Middle East respiratory syndrome-coronavirus
Herpes simplex virus
Hepatitis B virus
Human immunodeficiency virus
Staphylococcus aureus a
Streptococcus pneumoniae a
Haemophilus influenzae a
Neisseria meningitidis a
Mycobacterium avium complex
|Collagen vascular diseases|
|Systemic lupus erythematosus|
|Acute myocardial infarction|
Chest trauma (penetrating or blunt)
|Familial Mediterranean fever|
Microbial pathogens may gain entry into the pericardial space by direct extension from the chest (e.g., in the context of pneumonia or mediastinitis), through direct extension from the heart itself (e.g., endocarditis), through hematogenous or lymphatic spread (bacteremia or viremia), or via direct inoculation (e.g., surgery, trauma). The presence of an adjacent or otherwise concurrent infection, as well as a history of recent surgery or trauma, may provide significant clues to specific pathogens. For example, purulent pericarditis due to N. meningitidis has been diagnosed in patients with concurrent bacterial meningitis. In a review of 162 children with purulent pericarditis, all but 10 patients had at least one additional site of infection, suggesting that isolated cardiac disease occurs infrequently in those with purulent pericarditis. In cases where either S. aureus or H. influenzae type B was the responsible pathogen, pneumonia, osteomyelitis, and cellulitis were the most frequently identified additional sites of infection. Tuberculous pericarditis, however, usually occurs in the absence of identifiable pulmonary disease, suggesting that the pathogenesis involves the spread of mycobacteria from adjacent mediastinal lymph nodes into the pericardium.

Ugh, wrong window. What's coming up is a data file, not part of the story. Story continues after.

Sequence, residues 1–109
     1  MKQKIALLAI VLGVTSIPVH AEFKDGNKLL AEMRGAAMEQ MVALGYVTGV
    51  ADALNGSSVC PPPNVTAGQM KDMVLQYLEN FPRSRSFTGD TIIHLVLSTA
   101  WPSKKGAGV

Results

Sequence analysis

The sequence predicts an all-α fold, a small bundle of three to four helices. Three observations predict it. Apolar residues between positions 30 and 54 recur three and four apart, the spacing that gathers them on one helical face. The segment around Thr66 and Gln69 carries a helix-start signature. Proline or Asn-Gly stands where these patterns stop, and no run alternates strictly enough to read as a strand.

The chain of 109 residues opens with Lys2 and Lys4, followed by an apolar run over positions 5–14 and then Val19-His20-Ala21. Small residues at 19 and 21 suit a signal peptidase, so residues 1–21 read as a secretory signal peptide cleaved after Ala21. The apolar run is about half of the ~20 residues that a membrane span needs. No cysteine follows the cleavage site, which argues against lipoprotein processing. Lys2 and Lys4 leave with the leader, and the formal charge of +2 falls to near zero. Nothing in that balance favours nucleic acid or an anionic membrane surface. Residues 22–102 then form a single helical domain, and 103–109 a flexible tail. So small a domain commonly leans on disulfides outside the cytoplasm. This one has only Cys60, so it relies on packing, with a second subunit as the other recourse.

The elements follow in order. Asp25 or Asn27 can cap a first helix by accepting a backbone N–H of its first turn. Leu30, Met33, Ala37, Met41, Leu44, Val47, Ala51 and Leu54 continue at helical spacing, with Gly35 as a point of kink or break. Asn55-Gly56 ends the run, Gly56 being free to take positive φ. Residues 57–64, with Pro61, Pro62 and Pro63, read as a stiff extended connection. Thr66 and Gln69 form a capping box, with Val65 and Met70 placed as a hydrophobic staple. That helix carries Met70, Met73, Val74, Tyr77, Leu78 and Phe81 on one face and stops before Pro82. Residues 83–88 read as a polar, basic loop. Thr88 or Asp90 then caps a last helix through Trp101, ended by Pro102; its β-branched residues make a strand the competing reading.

The inflammatory response in the pericardial space leads to extravasation of additional pericardial fluid, polymorphonuclear white blood cells, and monocytes. During bacterial or fungal pericarditis, the inflammatory process may be sufficient to lead to loculation and fibrosis. Significant fibrosis may lead to constrictive pericarditis, which is manifest by signs and symptoms associated with compromised ventricular filling. The rapid accumulation of exudative fluid, as is often seen in purulent pericarditis, frequently leads to hemodynamic changes. Cardiac tamponade occurs when increased fluid within the pericardial space prevents adequate right atrial filling and leads to reduced stroke volume, low output cardiac failure, and shock. If the accumulation of pericardial fluid occurs more slowly, as is common with viral pericarditis, large amounts may be present without hemodynamic effect.
Symptoms and clinical manifestations
Chest pain is the most common presenting symptom of acute pericarditis. Due to the relationship between the phrenic nerve and pericardium, pain resulting from inflammation of the pericardium may be retrosternal with radiation to the shoulder and neck or may localize between the scapulae. Often, the pain is worsened by swallowing or deep inspiration or is positional and worsened when the patient is supine but lessened by leaning forward while sitting. Dyspnea is also a common presenting symptom. If pericarditis has resulted from contiguous spread of bacteria or fungi from an adjoining structure, the signs and symptoms of the primary infectious process may predominate. Purulent pericarditis due to a bacterial pathogen tends to be more acute and severe in nature, whereas viral pericarditis is typically of lesser severity. Symptoms of tuberculous pericarditis tend to be insidious in presentation.
In infants, the presenting signs and symptoms of pericarditis may be nonspecific and include fever, tachycardia, and irritability. Older children may complain of chest and/or abdominal discomfort. A study by Carmichael et al. in 1951 showed that more than half of patients diagnosed with “nonspecific” pericarditis of presumed viral origin described a respiratory illness preceding the diagnosis of pericarditis by 2 to 3 weeks.